Uygur:  Would you call that likely?  Could you call it possible?

Bergeron:  "Well, I shouldn't say that it's likely, it's very hard to tell.   We don't know where the water level is [in the spent fuel rod pools].  It is possible.  It is a lot more possible than I thought it would be two days ago."

Uygur then asked about the workers trying to fix the plant, "I have little doubt they will die."

Latest readings reveal deposition of iodine-131 has now been detected in 7 prefectures ranging from 4 to 95 becquerel per square metre. Deposition of cesium-137 in 6 prefectures was reported on 2 April ranging from 15 to 47 becquerel per square metre.  (IAEA, April 3)

Next:  Atomic forensic experts say the "Japanese are operating blind" at "one of the worst disasters in modern times."

Originally posted to freshrant on Mon Apr 04, 2011 at 08:23 AM PDT.

Also republished by Japan Nuclear Incident Liveblogs.

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Comment Preferences

  •  Japanese Government Covered Up Surging Radioactive (4+ / 0-)
    Recommended by:
    Russgirl, Joieau, freshrant, Picot verde

    Japanese Government Covered Up Surging Radioactive Fallout Data

    Back On March 14th, Zero Hedge first disclosed data originating from the SPEEDI (System for Prediction of Environment Emergency Dose Information) database, which showed that while radiation in the Ibaraki prefecture were about 30 times above normal, the core affected regions were "Under Survey." In subsequent posts we compared the "Under Survey" category to one step below what the BLS does on a daily basis - i.e., make up stuff. But at least in Japan, they did not even make data up: they just refused to release it. Well, we now have official confirmation from NHK that once again our well-grounded skepticism (and cynicism) was as usual absolutely spot on: "It has been learned that the Japanese government withheld the release of computer projections indicating high levels of radioactivity in areas more than 30 kilometers from the troubled Fukushima Daiichi nuclear power plant. The estimates were made on March 16th following explosions at the plant by an institute commissioned by the government using a computer system called SPEEDI. The system made its projections on the assumption that radioactive substances had been released for 24 hours from midnight on March 14th, based on the available data." Of course, had the disastrous SPEEDI data been reveled in time, not even the hundreds of billions (or trillions in Yen) of emergency money pumped by the BOJ, would have been able to prevent a complete market disaster. In other words: Nikkei 1; Human Life 0. In the meantime we wonder what superpowers the X-Man from the affected regions will soon develop.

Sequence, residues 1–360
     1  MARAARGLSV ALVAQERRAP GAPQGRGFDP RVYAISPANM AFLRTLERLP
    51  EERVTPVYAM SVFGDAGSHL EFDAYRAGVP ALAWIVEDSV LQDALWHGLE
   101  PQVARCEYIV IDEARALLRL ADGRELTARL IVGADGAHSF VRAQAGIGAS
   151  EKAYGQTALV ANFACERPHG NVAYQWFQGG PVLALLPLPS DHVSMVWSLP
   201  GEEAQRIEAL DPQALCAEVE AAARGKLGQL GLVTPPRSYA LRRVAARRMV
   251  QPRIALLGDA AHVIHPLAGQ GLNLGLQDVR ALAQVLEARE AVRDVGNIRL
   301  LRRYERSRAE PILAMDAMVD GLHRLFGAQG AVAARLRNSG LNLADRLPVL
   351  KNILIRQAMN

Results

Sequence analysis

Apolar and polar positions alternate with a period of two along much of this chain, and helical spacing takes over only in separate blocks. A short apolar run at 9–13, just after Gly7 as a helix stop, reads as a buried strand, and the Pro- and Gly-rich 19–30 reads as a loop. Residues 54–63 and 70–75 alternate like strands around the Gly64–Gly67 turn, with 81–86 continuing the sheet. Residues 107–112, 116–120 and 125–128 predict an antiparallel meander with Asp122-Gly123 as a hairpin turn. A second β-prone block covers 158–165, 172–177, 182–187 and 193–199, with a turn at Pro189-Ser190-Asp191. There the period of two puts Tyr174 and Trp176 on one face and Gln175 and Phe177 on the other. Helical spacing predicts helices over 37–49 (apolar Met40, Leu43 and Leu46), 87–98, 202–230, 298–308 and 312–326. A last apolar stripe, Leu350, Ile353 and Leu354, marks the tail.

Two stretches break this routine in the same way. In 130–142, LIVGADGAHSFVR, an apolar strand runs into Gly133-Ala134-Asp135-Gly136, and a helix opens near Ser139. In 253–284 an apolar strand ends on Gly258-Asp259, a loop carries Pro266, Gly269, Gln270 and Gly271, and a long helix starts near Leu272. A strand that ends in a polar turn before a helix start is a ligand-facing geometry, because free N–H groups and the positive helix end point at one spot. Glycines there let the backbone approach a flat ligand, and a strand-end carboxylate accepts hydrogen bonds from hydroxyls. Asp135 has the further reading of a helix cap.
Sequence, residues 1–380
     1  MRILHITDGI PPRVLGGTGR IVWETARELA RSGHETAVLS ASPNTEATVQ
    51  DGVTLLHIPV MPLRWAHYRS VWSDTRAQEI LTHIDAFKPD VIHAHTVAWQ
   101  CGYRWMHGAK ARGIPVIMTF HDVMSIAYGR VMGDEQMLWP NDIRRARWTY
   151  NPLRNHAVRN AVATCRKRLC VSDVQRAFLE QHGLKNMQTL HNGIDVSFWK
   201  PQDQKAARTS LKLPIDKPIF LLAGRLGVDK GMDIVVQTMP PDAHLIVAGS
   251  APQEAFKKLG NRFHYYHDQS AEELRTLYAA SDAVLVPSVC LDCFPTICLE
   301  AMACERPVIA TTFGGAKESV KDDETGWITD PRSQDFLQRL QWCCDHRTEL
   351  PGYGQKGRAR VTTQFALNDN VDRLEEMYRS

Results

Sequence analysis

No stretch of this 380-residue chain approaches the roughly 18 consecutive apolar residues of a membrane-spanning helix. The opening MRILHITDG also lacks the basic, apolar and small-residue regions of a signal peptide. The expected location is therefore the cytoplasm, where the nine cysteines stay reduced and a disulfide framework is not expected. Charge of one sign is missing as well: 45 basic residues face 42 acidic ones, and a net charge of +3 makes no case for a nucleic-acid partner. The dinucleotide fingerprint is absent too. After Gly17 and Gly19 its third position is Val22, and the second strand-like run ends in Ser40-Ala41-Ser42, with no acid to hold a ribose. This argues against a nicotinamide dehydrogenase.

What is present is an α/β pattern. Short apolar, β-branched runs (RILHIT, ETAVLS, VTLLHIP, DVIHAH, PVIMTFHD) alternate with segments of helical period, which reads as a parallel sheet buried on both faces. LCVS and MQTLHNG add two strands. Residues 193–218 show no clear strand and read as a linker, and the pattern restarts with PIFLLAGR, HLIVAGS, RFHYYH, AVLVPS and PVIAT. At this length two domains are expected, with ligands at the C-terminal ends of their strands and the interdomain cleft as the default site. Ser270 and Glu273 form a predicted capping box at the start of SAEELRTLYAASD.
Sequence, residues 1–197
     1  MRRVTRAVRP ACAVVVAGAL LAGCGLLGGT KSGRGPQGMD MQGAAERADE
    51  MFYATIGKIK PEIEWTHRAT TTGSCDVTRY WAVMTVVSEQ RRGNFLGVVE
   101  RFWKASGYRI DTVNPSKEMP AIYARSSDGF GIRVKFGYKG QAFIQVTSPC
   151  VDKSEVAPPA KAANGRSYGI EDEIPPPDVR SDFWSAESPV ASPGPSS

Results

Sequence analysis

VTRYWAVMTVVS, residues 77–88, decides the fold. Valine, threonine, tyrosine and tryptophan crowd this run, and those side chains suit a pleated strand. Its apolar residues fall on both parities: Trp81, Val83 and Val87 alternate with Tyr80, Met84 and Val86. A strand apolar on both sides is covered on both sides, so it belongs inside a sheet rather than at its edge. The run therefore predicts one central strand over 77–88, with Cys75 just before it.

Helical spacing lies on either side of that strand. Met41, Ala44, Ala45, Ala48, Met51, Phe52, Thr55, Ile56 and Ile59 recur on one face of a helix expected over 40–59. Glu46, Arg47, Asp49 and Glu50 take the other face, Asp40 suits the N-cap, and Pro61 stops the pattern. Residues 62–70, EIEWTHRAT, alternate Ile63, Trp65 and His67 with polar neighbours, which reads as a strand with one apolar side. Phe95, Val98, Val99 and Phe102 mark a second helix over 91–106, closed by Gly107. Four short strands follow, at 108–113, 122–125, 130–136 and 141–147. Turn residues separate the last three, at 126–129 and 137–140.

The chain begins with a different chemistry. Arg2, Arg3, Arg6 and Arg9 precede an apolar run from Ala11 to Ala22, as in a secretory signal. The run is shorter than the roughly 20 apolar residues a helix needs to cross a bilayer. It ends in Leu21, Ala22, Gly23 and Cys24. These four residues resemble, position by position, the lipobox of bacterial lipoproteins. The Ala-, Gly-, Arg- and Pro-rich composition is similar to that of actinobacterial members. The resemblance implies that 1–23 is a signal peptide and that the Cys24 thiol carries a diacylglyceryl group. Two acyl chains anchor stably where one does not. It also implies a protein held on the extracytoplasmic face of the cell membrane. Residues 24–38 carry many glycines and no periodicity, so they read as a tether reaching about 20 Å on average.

As with Kudlow, the Obama Administration and the Japanese Administration value markets more than their people.

    Until that changes, we'll continue to see these sorts of disasters on an all too frequent basis.

    Just think of how stupid the average person is, and then realize half of them are even stupider! - George Carlin

    by Earth Ling on Mon Apr 04, 2011 at 10:10:39 AM PDT

    •  SPEEDI DATA (1+ / 0-)
      Recommended by:
      Earth Ling

      Thanks Earth Ling for this insightful information.  Having lived for 3 1/2 years in the same prefecture (Niigata) housing the world largest capacity nuclear power plant with it's own set of problems (see freshrant.com/blog), I have little to no trust in any Japanese government administration or regulatory agency, let alone the serially criminally negligent TEPCO utility the claims to "run" these plants.  I shall find out more about this and may even post (and credit you) on my site.  (Great Carlin quote, btw).   More posts coming at freshrant and KOS about more withholding from the nuclear inner circles as well a more disturbing information on the geological front as it relates to nuclear plants.

      freshrant.com freshrant@facebook freshrant@twitter

      by freshrant on Mon Apr 04, 2011 at 12:11:08 PM PDT

      [ Parent ]

    •  Diary Links (1+ / 0-)
      Recommended by:
      Wee Mama